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Smartphone snapshots encourage supervision, participation

Xinhua | Updated: 2013-06-06 16:39

BEIJING -- The increasing popularity of smartphones has led many Chinese to take pictures of nearly anything and everything in sight.

While most capture images of beautiful scenery, the meals they're eating for the day or their friends, others use mobile phone photography to engage in social criticism.

In a recent case, one netizen took a photo of Chinese characters reading "Ding Jinhao was here" that were written on the side of a 3,000-year-old Egyptian temple.

The photo was uploaded to Sina Weibo, China's most popular microblogging site, on May 6, with tens of thousands of netizens posting messages criticizing the tourist responsible for the graffiti.

It was discovered later that Ding is a 15-year-old boy from the city of Nanjing in east China's Jiangsu Province. His parents apologized for his act in a local newspaper.

China has 277 million 3G subscribers, according to figures from the Ministry of Industry and Information Technology. The number of smartphone users is around 360 million and the number of registered Sina Weibo users exceeds 530 million.

Smartphone photos have also been used to reveal instances of corruption and wrongdoing.

Zhou Shaoqiang, a top manager at a state-owned company in the city of Zhuhai, was removed from his post earlier this year after a man who dined with him and other employees shared photos of expensive liquor that was purchased at the public's expense.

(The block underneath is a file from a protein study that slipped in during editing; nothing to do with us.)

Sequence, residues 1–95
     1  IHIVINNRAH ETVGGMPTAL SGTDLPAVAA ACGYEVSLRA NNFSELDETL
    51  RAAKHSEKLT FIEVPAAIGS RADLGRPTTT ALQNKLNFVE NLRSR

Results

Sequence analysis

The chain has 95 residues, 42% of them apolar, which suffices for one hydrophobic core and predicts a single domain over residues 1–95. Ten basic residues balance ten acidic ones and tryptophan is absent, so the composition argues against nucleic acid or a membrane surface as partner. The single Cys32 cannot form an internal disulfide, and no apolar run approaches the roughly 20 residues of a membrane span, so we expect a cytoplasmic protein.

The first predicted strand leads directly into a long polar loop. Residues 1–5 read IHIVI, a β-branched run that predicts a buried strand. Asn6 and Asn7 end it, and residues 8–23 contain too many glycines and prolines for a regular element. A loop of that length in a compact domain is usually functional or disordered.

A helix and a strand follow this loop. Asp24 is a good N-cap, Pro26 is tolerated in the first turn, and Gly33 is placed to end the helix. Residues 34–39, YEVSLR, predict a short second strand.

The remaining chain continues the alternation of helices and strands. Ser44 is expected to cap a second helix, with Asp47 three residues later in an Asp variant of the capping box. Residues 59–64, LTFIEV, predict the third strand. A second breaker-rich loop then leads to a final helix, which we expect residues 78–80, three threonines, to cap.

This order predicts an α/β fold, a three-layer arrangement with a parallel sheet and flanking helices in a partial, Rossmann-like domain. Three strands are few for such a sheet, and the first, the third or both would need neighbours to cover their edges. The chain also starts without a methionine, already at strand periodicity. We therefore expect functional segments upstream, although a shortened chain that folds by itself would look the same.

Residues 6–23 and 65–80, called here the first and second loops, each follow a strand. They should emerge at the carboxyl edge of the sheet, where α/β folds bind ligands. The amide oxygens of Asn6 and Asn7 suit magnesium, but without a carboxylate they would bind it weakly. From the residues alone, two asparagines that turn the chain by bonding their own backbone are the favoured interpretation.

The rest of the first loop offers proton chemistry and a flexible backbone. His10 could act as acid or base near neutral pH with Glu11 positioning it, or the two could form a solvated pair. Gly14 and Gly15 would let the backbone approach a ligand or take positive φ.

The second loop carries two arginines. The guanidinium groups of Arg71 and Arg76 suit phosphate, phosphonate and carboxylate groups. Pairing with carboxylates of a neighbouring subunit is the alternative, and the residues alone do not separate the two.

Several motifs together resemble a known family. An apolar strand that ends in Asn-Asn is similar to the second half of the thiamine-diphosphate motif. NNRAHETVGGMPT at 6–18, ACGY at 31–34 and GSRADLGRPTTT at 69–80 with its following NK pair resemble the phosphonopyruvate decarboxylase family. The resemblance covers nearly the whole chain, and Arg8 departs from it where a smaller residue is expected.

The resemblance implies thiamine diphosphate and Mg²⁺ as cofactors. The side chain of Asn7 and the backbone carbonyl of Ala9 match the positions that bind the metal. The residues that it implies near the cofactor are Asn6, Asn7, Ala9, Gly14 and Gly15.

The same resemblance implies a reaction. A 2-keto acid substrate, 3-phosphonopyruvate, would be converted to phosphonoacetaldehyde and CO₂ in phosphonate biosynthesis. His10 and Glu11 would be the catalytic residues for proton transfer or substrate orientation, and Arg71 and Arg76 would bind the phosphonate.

In addition to allowing people to engage in supervision, smartphones have also become effective tools for boosting public interest programs. Internet celebrities sometimes call on the public to participate in such campaigns using their smartphones.

Since March, netizens have been encouraged to find and photograph manholes that lack covers after a university student in Changsha, capital of central China's Hunan Province, drowned after falling into an uncovered manhole without a lid.

The campaign has resulted in 140,000 related posts on Tencent, another popular microblogging website.

In 2011, Yu Jianrong, a professor from the Chinese Academy of Social Sciences, launched an online campaign calling on netizens to take photos of children abandoned on the streets. The campaign had attracted more than 200,000 followers and aided 56,000 children as of the end of 2012.

Realizing the influence that such campaigns can have, some government departments have encouraged the public to aid in urban management efforts by using their smartphone cameras.

On May 6, the municipal government of Liuzhou in south China's Guangxi Zhuang Autonomous Region, opened an account on Weixin, a social networking platform operated by Tencent.

Local residents have been encouraged to take photos of any damage done to public facilities and send them to the account. The government has received 6,000 such tips from local residents and authorities have followed up on 520 related cases.

Xia Xinping, an assistant researcher of sociology at the Guangxi University of Science and Technology, said the popularity of snapshots indicates that modern technology not only enriches people's material lives, but also provides an opportunity for people to supervise and participate.

"The government should make full use of modern technology and make innovations in social management," she said.

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